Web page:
North Korean leader Kim Jong-Un said on Wednesday his country had achieved full nuclear statehood after successfully testing a new missile capable of hitting anywhere in the United States.
The intercontinental ballistic missile (ICBM) launch snapped a two-month pause in testing by the North and poses a new challenge to U.S. President Donald Trump who has vowed such a capability “won’t happen.”
North Korean state television brought out Ri Chun-Hee, a senior broadcaster who only appears for significant developments, to announce the landmark. “Kim Jong-Un declared with pride that now we have finally realized the great historic cause of completing the state nuclear force, the cause of building a rocket power,” she said. “The great success in the test-fire of ICBM Hwasong-15 is a priceless victory won by the great and heroic people of the DPRK,” she said, using the official abbreviated name for North Korea.
Wednesday’s missile was more sophisticated than any previously tested, state media said. “The ICBM Hwasong-15 type weaponry system is an intercontinental ballistic rocket tipped with super-large heavy warhead which is capable of striking the whole mainland of the U.S.,” the official news agency KCNA said.
Pyongyang said the missile reached an altitude of 4,475 kilometers and had splashed down 950 kilometers from its launch site. At least one Western expert said the missile’s lofted trajectory suggested an actual range of 13,000 kilometers—longer than that of any previous test and one that would extend to every major U.S. city.
Trump, who recently announced fresh sanctions on Pyongyang and returned it to a U.S. list of state sponsors of terror, was opaque in his immediate response, as the U.N. Security Council agreed to meet in emergency session. “I will only tell you that we will take care of it,” Trump said at the White House. “It is a situation that we will handle,” he added, without elaborating.
U.S. Secretary of State, Rex Tillerson, stressed that diplomatic options to resolving the crisis remained “viable and open.” But North Korea’s immediate neighbors were less restrained, with Japanese Prime Minister Shinzo Abe calling the test an intolerable, “violent” act and South Korean President Moon Jae-In condemning Pyongyang’s “reckless” behavior.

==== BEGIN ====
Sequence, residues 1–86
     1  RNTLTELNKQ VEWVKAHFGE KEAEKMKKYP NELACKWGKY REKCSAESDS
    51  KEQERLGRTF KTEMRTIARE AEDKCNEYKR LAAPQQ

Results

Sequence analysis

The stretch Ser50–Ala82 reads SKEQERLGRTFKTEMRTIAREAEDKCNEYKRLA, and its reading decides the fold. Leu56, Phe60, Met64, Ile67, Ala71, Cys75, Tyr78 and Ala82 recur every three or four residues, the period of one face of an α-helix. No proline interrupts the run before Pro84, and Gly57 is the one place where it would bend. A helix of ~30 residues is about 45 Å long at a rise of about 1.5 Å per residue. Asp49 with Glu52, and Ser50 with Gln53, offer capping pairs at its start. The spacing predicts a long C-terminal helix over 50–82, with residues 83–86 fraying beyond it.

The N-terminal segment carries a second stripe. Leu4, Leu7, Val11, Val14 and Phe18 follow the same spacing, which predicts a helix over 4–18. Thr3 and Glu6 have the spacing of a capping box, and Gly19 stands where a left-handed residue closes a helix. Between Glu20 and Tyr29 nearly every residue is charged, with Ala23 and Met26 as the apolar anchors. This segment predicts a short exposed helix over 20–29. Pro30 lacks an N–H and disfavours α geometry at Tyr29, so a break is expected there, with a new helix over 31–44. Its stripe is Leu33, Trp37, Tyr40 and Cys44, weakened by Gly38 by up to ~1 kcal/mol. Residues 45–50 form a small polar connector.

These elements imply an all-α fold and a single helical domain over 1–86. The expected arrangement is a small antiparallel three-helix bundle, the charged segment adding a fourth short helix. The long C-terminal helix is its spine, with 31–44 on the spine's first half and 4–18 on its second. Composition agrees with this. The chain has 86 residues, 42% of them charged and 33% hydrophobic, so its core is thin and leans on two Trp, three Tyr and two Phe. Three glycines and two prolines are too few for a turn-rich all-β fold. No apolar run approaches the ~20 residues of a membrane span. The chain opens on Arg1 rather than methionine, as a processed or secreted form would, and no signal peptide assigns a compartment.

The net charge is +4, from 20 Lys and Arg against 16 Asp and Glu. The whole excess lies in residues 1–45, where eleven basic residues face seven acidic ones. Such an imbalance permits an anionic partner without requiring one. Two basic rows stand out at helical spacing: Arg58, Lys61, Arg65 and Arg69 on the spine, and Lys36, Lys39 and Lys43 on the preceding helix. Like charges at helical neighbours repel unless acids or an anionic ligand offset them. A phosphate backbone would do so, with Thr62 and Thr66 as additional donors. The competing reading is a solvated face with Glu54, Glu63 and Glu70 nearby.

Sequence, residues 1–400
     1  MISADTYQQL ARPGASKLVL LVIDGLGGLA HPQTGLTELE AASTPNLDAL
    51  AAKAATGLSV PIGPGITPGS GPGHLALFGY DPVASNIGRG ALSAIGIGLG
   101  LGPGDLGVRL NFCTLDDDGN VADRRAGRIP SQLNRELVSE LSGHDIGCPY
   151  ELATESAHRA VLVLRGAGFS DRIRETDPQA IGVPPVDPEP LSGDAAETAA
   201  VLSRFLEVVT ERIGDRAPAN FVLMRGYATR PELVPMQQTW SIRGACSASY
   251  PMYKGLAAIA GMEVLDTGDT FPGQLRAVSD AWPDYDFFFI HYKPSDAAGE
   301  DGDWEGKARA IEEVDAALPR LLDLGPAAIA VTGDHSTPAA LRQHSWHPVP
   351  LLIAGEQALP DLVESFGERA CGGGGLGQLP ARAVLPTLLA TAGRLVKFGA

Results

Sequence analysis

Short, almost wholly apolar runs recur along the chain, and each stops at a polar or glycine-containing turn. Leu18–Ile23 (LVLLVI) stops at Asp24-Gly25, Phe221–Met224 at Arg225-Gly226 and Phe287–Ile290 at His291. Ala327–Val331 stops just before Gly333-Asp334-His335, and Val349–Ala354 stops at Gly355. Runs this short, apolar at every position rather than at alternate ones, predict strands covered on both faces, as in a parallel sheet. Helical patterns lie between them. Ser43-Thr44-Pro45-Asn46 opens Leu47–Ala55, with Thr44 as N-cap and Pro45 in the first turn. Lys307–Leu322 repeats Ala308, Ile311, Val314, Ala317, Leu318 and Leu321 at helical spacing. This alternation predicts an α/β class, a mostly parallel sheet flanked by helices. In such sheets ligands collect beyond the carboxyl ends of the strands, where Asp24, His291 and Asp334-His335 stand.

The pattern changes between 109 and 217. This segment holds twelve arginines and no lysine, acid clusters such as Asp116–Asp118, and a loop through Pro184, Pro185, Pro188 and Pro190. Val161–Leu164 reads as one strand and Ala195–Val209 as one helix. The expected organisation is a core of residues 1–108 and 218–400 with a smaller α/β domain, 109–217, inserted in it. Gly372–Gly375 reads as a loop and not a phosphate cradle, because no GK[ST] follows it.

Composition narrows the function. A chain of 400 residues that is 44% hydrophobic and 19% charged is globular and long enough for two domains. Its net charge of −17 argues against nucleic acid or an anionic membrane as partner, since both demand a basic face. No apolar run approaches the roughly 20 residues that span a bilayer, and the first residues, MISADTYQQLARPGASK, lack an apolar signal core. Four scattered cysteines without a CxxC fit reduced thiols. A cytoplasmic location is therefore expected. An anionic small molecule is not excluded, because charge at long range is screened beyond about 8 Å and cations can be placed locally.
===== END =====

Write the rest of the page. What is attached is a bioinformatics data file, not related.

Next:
It was the first missile test of any kind since Sept. 15, and quashed speculation that the North may have held back in order to open the door to a negotiated solution to the nuclear standoff.
U.S. Defense Secretary Jim Mattis said it marked a significant step toward North Korea building missiles that can “threaten everywhere in the world, basically.”
Trump insisted there would be no change to his administration’s “maximum pressure campaign,” which has sought to curb Pyongyang’s nuclear weapons program with tightened sanctions backed by dire warnings of massive retaliation in the event of any attack. It was the North’s third successful ICBM test and David Wright, an arms control expert and co-director at the Union of Concerned Scientists, said the flight parameters pointed to a “significantly longer” range than previous launches. “Such a missile would have more than enough range to reach Washington D.C., and in fact any part of the continental United States,” he said.
While Pyongyang has yet to prove its mastery of the re-entry technology required to bring a warhead back through the Earth’s atmosphere, experts believe it is at least on the threshold of developing a working intercontinental nuclear strike capability. “We don’t have to like it, but we’re going to have to learn to live with North Korea’s ability to target the United States with nuclear weapons,” said Jeffrey Lewis, head of the East Asia Nonproliferation Program at the Middlebury Institute of Strategic Studies.
Tensions over the North’s weapons program peaked after Pyongyang conducted its sixth and most powerful nuclear test in September and then fired an intermediate-range missile over Japan. China, the North’s main ally, has pushed for a “dual track approach” to the crisis which would see the United States freeze its military drills in South Korea while North Korea would halt its weapons programs.
Washington has rejected that approach, and last week unveiled new sanctions targeting North Korean shipping, as well a number of Chinese companies doing business with the pariah state. But the North responded defiantly, vowing to continue building up its nuclear force and warning that sanctions would never succeed.
Drumming up support for a tough stance against North Korea’s nuclear weapons ambitions was the main focus of Trump’s marathon tour of Asia earlier this month.
The U.S. leader spoke by phone with both Abe and Moon after Wednesday’s test to underline the global threat posed by North Korea.
Trump is close to Abe, but relations with his South Korean counterpart—whom he has accused of appeasing Pyongyang—are far cooler, and there are concerns in Seoul that the U.S. president might be considering military action against the North that could trigger a full-scale war.
“The situation could get out of control,” Moon warned during a hastily convened meeting with national security officials on Wednesday. “We have to prevent such a scenario where the North may miscalculate the situation and threaten us with nuclear weapons, or the U.S. may consider a pre-emptive strike,” he said.
Seoul is home to 10 million people and only about 50 kilometers from the border—well within range of Pyongyang’s artillery.